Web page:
In a remarkable feat, scientists at Empa, the Swiss Federal Laboratories for Materials Science and Technology, have developed thin film solar cells on flexible polymer foils with a new record efficiency of 20.4% for converting sunlight into electricity.
New research from a global group of scientists and engineers, including from the University of Southampton, supports the use of tidal power, which has the potential to provide more than 20 per cent of the UK's electricity demand.
NASA scientists say 2012 was the ninth warmest of any year since 1880, continuing a long-term trend of rising global temperatures. With the exception of 1998, the nine warmest years in the 132-year record all have occurred since 2000, with 2010 and 2005 ranking as the hottest years on record.
The 12.0% record cell on a standard size of 1.1 square cm combines two patented absorber materials, which convert light of different wavelengths. Using two different absorber materials creates a stronger absorption of photons and improves energetic utilization through a higher photovoltage.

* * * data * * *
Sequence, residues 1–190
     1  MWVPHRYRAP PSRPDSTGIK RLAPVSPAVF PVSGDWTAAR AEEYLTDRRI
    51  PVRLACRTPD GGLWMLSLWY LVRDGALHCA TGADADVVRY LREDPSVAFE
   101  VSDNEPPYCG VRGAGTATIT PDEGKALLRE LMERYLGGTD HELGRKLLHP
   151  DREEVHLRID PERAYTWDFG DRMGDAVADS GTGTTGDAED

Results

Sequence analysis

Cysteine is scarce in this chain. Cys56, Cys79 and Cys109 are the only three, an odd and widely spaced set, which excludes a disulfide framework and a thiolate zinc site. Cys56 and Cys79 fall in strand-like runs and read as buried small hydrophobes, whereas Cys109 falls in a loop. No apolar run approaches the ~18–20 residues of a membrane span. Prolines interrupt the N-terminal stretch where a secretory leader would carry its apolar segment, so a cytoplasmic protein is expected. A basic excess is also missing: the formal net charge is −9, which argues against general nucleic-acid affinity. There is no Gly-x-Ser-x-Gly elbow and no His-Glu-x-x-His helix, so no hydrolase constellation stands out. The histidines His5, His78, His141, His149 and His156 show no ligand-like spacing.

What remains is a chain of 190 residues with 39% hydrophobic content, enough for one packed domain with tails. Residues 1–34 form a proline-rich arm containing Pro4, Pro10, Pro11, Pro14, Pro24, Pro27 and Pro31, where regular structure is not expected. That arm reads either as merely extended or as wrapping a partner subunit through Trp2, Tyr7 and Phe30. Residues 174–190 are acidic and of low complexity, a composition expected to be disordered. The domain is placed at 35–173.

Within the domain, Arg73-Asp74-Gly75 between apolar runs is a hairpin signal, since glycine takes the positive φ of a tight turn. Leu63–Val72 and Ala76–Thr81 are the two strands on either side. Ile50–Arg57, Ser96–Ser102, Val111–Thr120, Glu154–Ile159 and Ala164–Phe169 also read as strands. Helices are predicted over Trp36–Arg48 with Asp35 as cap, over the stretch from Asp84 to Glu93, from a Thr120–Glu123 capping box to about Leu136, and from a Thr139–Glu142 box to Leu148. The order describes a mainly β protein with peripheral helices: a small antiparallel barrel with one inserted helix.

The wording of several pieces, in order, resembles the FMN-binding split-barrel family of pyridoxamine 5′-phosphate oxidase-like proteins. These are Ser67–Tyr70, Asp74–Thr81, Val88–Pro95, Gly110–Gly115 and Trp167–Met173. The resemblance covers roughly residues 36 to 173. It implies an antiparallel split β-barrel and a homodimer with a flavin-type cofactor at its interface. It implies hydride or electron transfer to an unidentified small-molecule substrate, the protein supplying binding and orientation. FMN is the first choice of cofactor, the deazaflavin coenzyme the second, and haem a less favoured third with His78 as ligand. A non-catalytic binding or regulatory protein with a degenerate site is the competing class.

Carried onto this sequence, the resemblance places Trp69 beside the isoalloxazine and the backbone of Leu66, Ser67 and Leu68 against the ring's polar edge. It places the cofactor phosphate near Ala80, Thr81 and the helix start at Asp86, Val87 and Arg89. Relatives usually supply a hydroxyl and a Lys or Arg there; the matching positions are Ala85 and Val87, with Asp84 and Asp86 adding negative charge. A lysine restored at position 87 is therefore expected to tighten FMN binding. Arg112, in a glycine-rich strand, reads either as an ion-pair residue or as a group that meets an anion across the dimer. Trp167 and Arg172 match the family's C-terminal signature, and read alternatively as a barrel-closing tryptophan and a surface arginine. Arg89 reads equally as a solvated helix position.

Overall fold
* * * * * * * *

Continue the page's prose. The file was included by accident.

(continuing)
A leading coastal scientist has warned that some of the world's best known beach resorts may not survive projected sea level rises and that problems caused by changing sea levels are compounded by a lack of political will and short-term coastal management initiatives.
A validated multi-physics numerical model that accounts for charge and species conservation, fluid flow, and electrochemical processes has been used to analyze the performance of solar-driven photoelectrochemical water-splitting systems. The modeling has provided an in-depth analysis of conceptual designs, proof-of-concepts, feasibility investigations, and quantification of performance.
To meet 21st-century food, water and energy challenges, the world needs more women and men with interdisciplinary training and access to world problems on the ground. As a result, Cornell and five other universities have partnered with The Nature Conservancy to establish the NatureNet Science Fellows Program, which is intended to help develop a new breed of interdisciplinary scientists with academic savvy, and skills and opportunity to solve real-world problems.
Black carbon is the second largest man-made contributor to global warming and its influence on climate has been greatly underestimated, according to the first quantitative and comprehensive analysis of this pollutant's climate impact..
In addition to causing smoggy skies and chronic coughs, soot - or black carbon - turns out to be the number two contributor to global warming. It's second only to carbon dioxide, according to a four-year assessment by an international panel.